Can Yuan, Stargazer, 2019
Can Yuan, Sheng Qi, Xi Jianjun,  To Old Van Gogh, 166 with Love, 2019

Six canvases covered by a layer of golden rice form the conceptual glue of the show. The lowly staple food takes on a luxurious albeit garish quality, disguised as gold filigree, beautiful but inedible. Aside from evoking Van Gogh’s densely textured brushwork, the Stargazer series scrambles notions of good and bad taste, questioning signifiers of high and low society by reconfiguring cultural stereotypes. The central installation, To Old Van Gogh, 166 with Love, literally turns the Dutch artist’s work on its head, sending a cascade of sunflowers spilling out of a jug suspended upside down in mid-air, like flowers pulled from a magician’s hat. 
Two of the featured artists, Cai Yuan and Xi Jianjun, were officially banned from all Tate premises following their ‘interventional performances’ of the 1990s as creative duo Mad for Real. Their rap sheet includes jumping into Tracey Emin’s My Bed installation at the Turner Prize Exhibition of 1999 and starting a pillow fight. When I mention the infamous work to Cai, he gleefully tells me that the intervention was a spur of the moment decision, likening it to kids exuberantly jumping on their parents’ beds. For exhibition curator Katie Hill, these disruptive acts constituted part of the pair’s ongoing challenge to the ‘presumption of who is expected to appear where and why’ within both cultural institutions and national bodies. 

Cai Yuan, One Man Demo, 2011

The current show continues in a tone of joyful rebellion, re-enacting the playful disregard for propriety of the earlier UK-based performances. One print documents Cai’s One Man Demo, a work in which he defied the newly erected security barriers to stand on Ai Weiwei’s 2011 Sunflower Seeds installation at Tate Modern. I remember going to see the work as a teenager and, like many others, being disappointed to find that visitors could no longer walk on the porcelain seeds as the artist had originally intended. The inclusion of Cai’s work is of course a nod to Van Gogh’s iconic Sunflowers, but it also updates the figure of the struggling artist, and calls attention to the power of art institutions in their role as mediators between art, artist and public.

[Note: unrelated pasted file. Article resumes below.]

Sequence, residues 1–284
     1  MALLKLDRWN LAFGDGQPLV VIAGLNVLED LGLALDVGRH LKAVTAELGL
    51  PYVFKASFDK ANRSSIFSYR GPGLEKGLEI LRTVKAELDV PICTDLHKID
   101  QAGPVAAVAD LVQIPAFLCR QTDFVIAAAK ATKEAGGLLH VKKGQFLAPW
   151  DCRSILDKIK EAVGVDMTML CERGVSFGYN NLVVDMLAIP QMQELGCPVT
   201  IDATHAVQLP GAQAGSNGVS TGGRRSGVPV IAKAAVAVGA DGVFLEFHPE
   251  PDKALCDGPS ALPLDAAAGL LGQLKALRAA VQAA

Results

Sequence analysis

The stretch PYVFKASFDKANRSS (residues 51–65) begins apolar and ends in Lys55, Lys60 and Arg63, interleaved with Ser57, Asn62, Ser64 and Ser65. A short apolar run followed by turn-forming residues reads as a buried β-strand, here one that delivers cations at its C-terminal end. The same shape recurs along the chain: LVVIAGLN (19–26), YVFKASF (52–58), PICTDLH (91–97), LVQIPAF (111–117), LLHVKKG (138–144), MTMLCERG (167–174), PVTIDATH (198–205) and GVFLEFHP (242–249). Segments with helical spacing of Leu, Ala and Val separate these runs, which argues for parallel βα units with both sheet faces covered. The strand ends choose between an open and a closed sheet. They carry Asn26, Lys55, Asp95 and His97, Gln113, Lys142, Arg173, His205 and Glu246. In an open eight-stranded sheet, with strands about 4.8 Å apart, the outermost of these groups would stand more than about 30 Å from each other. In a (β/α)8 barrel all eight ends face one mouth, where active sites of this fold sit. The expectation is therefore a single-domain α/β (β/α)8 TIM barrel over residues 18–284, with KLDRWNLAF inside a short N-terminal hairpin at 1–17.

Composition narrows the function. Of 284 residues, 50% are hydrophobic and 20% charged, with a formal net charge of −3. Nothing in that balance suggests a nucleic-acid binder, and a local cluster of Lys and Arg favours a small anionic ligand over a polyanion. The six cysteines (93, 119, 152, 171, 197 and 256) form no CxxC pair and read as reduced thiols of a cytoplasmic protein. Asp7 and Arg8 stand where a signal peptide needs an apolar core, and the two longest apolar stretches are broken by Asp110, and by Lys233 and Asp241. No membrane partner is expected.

With the Van Gogh and Britain show on display at Tate Britain just a few miles away, it seems only right that a fledgling gallery space, outside what Hill has previously dubbed ‘the narrow elitism of the art world’, should be representing artists who can identify with Van Gogh’s outsider status. The show combines a collection of responses to the liminal zone in which those perceived as ‘foreigners’ still exist today. This strange and ambiguous zone is given material form in Cai Yuan’s new quasi-anthropological installation, documenting his 2015 residency in the then dilapidated Hackford Road house. He connects to Van Gogh’s experience of the space through a series of intimate photographs and an assemblage of common objects, and Cai’s own experience of settling in the UK is expressed through surreal parodies of Van Gogh’s actions and paintings. 

Sheng Qi, Salute to Van Gogh, 2019

The deep blue of the freshly painted gallery walls appears to reference the ominous, heavily laden skies of paintings such as Wheatfield with Crows, 1890 and Starry Night Over the Rhone, 1888; a fitting canvas for Sheng Qi’s Salute to Van Gogh and Salute to Yves Klein, 2019. These seemingly uncomplicated little paintings show a red and a white handprint against backgrounds made up of thick paint strokes in the cheery complimentary colours that recur throughout Van Gogh’s oeuvre. Before leaving China following the Tiananmen massacre of 1989, Sheng cut off the little finger on his left hand and buried it in a flowerpot. He is perhaps best known for a haunting series of photographs showing his mutilated upturned hand against a red background, cradling tiny pictures of people from a past from which he had been violently severed.
Despite a certain naivety of form and colour in Sheng’s new work, the paintings are a direct response to Chinese 20th century history, recalling and subverting the Communist regime’s sinister adoption of a colour scheme. From the beginning of the Mao era in which all three artists grew up, art was conscripted into the government’s revolutionary arsenal. Both art and literature were prescribed the utilitarian function of transmitting and reinforcing party propaganda amongst the masses, glorifying Chinese Communism and its deified helmsman Chairman Mao Zedong, as emphatically and singularly as possible. Thus, the styles of Western modernism that had found purchase in China earlier in the 20th century could not easily fulfil these objectives. Nor could the ancient Chinese brush and ink tradition, which was branded bourgeoise and therefore counterproductive to the aims of the party.